This is the harrowing moment a Polish slave who was forced to work 20-hours-a-day making greeting cards was rescued by police from a squalid loft.
Footage released by officers shows the man cowering under a workman’s jacket in the corner of an attic after he was forced into a life of servitude by Edward Zielinski.
The slave was one of two men, alcoholics who could not speak English, who were paid as little as £10-a-week to work from 8am in the morning until 4am the following night.
Zielinski, 42, has now been jailed for 40 months after he admitted two charges of human trafficking at Nottingham Crown Court.
Police raided the home of a man believed to be keeping slaves and found this man locked in the attic between long shifts
In May and June this year, Zielinski, of Nottingham, exploited two vulnerable Polish men, locking his victims in the loft during the night forcing them to urinate in plastic bottles.
The first victim came to the UK of his own accord in 2008 and initially lived in London but got into debt with Zielinski’s cousin, owing around £800 for the cost of a new passport and other bills.
He was sent to Nottingham to work for Zielinski to pay off the debt.
When he arrived at a house in the Radford area of the city, he was put to work making greetings cards, working up to 20-hours-a-day from 8am to 4am with only limited breaks.
He was often threatened with violence and even beaten if Zielinski didn’t think he was working hard enough.
The man was sleeping under a jacket and was forbidden from using the house’s toilet
In 2015, he moved with Zielinski and started working for employment agencies. Zielinski opened a bank account in his name but did not allow him access to the cards.
Despite earning around £300-a-week he was only paid with cigarettes, alcohol, the occasional piece of clothing from a car boot sale and £10 in cash. Zielinski even forced him to go out stealing when he lost his agency jobs.
Edward Zielinski was jailed after police investigating modern slavery investigated the case and found the second victim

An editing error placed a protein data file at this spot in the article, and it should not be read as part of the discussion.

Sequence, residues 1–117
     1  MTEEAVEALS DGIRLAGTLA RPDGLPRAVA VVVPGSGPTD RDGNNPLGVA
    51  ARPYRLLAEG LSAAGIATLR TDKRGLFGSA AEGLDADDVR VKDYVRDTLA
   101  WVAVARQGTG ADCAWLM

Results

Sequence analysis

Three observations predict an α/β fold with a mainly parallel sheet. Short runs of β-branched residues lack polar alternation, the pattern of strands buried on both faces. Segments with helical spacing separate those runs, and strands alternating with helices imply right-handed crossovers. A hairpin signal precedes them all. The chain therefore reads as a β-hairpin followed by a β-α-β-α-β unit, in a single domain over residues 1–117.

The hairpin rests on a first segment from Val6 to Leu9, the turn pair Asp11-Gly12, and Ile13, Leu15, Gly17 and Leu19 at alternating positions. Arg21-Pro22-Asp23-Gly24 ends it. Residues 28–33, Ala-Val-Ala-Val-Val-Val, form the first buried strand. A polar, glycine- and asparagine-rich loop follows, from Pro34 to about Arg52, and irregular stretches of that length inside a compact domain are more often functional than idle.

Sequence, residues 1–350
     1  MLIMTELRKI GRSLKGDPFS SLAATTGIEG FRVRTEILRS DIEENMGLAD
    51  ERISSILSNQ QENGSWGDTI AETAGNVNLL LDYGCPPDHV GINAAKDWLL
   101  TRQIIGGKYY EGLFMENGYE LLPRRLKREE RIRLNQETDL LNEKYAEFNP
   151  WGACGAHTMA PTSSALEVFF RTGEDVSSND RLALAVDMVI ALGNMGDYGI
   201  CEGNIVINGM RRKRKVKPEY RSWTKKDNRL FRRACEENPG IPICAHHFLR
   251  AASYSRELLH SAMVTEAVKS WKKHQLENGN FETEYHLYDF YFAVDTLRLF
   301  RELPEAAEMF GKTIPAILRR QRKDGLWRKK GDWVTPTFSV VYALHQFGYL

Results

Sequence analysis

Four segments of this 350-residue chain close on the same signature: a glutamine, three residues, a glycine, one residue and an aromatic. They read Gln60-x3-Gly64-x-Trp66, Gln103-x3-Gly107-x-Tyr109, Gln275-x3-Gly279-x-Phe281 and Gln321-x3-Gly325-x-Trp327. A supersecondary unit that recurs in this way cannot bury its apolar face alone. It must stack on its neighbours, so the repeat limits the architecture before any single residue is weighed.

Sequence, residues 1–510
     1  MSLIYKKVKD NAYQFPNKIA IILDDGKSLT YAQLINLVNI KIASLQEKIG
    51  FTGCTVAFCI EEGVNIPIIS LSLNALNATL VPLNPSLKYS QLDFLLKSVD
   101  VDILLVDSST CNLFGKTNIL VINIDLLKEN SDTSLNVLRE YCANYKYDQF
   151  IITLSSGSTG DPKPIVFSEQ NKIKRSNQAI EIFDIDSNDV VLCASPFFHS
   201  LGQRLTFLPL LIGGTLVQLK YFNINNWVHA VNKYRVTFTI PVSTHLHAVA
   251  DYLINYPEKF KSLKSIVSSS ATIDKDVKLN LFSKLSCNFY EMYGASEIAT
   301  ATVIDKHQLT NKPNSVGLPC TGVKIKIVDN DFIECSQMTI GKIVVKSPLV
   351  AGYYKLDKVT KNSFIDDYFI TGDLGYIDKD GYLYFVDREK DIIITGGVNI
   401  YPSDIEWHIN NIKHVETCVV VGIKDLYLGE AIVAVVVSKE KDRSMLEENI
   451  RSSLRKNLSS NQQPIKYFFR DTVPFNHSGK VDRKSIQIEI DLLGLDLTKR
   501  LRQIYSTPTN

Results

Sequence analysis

The victim twice tried to escape but was forced to return to Zielinski who tracked him down through his employers.
After being beaten with a plank of wood last January, he managed to escape and lived on the streets before ending up in a detention centre in Gatwick.
Months later, Nottinghamshire Police’s modern slavery team was made aware of the man and he exposed the full horror of Zielinski’s crimes.
When police raided Zielinski’s home in Hyson Green on May 31 this year, they found a second man in the loft, using a jacket as a blanket.
This victim had moved to Nottingham in 2015 and heard through a friend that Zielinski had a spare room.
But Zielinski took advantage of him, forcing him to work without control of his own finances, being given just £70-a-week.
The court heard how father -of-two Zielinski confiscated the victims’ identity documents. He also controlled the first man by telling him his debt had increased. Both victims are now with the Salvation Army charity receiving support.
Detective Sergeant Mike Ebbins, who led the investigation, said: ‘The first victim was made to work up to 20 hours a day from 8am to 4am with only limited breaks earning only £10 a week for his efforts.
‘The other victim was the cash cow for Zielinski so was allowed access to a bedroom and avoided being assaulted.
‘But in both cases Zielinski exploited them for his own financial interests. He saw an opportunity to make money out of vulnerable Polish men.
The man was found in the attic of a house in this street in Nottingham, the court heard
Detective Sergeant Ebbins added: ‘They were incredibly vulnerable people – unemployed, alcohol dependent, and couldn’t speak a word of English – so they were seen as perfect victims.
‘A lot of hard work has been put in by the human trafficking team and it is great news that he has pleaded guilty because it means his victims haven’t had to face him at trial. The victims should be applauded for coming forward.’
Judge tells slave-keeper: ‘You took away their dignity as human beings’
Judge Gregory Dickinson QC said the way the men were treated was ‘degrading’
Jailing Zielinski today, judge Gregory Dickinson QC said of the first victim: ‘It seems to me that he was obviously a vulnerable individual and you were quite easily able to brow beat and intimidate.
‘You put him to work making, collecting and delivering greeting cards.
‘He worked very long hours for next to nothing; £10-a-week, I have read. He opened a bank account but you controlled it in 2014.’
Judge Dickinson added that Zielinski forced both victims to share a cramped loft, where they lived in ‘squalid conditions’.
He said: ‘They were locked in at night without the use of a toilet.
‘He (the first victim) was put to work decorating, gardening, cleaning at your home. He did other jobs through an employment agency.
‘He was not continuously in work – but from time-to-time working on zero hours contracts at various factories, and you took the greater bulk of his wages… you personally profited from this.’
‘You treated these two victims in a thoroughly degrading way.
‘You made them live in squalor, you took away their income, which would have allowed them to live an independent life. You took away their dignity as human beings.’